But to do all this you need support. This relies on a strong relationship with your chief executive and chair, which he was fortunate to have at Mid Staffordshire. “We made a solid team and made some difficult decisions to get the changes we wanted.”

Queen Elizabeth Hospital King’s Lynn FT was placed in special measures in October 2013 after two reports from the Care Quality Commission, eight improvement notices and four formal warning notices. Dr Obhrai was brought in as interim chief executive last year. He places great emphasis on openness at the trust. Every document is available to all unless it contains commercially or personally sensitive information, so “there aren’t different stories, there is only one version of the truth and that keeps everything clear”.

He places great emphasis on openness at King’s Lynn. Every document is available to everyone unless it contains commercially or personally sensitive information. “That means there aren’t different stories, there is only one version of the truth and that keeps everything clear.”

No more ‘God corridor’

Openness is tangible in a cultural change at King’s Lynn – the executive corridor used to have all its doors shut and be known as “the God corridor”. No one calls it that anymore and the doors are open unless there is a good reason for closing them, like a meeting.

Accountability is also key: “As organisations we are too soft in the way we manage things – then people are held to account for things that are not their responsibility.

It is important to be clear at all levels what the organisation expects from you, what support it is providing and how it will hold you accountable, otherwise it becomes difficult.”

The secret to leading the NHS is the same as the secret to leading trusts in crisis, according to Dr Obhrai – collaborative, highly engaged leadership and a transparent culture that puts the patient first.

Patient first

Putting the patient first solves a lot of problems. Take decision making at Mid Staffordshire, for example. “A lot of it is done at personal risk and you question is it the right thing? That’s why you have to put the patient at the heart because that is the sole thing that matters. If you focus on the patient and what is right for them everything else takes care of itself.”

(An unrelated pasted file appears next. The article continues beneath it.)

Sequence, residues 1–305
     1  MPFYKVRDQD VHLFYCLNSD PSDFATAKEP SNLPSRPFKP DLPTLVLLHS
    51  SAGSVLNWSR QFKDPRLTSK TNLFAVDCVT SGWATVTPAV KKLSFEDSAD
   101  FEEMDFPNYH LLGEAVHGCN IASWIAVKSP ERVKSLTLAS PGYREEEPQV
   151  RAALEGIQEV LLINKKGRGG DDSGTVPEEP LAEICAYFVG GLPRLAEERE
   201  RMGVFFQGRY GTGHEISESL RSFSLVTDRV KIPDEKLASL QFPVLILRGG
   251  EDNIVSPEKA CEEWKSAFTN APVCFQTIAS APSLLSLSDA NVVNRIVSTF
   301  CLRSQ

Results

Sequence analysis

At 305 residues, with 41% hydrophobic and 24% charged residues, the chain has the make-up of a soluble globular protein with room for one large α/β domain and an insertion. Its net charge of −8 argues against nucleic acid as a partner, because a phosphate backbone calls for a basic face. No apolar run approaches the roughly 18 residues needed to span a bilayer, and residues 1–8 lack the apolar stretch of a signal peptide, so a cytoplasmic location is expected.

‘If you focus on the patient and what is right for them everything else takes care of itself’

However, you do not bring about such a culture by being a problem solver trotting out orders. You need to watch staff “from the balcony” and work out ways to make them want to behave differently.

So what should black and minority ethnic staff do if they want to become leaders? Put in the work and acquire the skills that will make you better than the next person, says Dr Obhrai. “The BME dimension is not something I have even thought about during my career. I have got here by merit and working hard. At medical school I spent extra discretionary days on the wards and stuck to my values and consultants recognised that, so when jobs came up they asked me to apply. Show your skills, work hard, demonstrate strong values and the rest takes care of itself.”

But he also says BME staff should be given opportunities. For example, basing promotions on skills, not seniority, would give them a hand up.

He adds: “I’m not saying let’s get a bunch of BME leaders to bridge the gap. I think they will bridge it themselves.”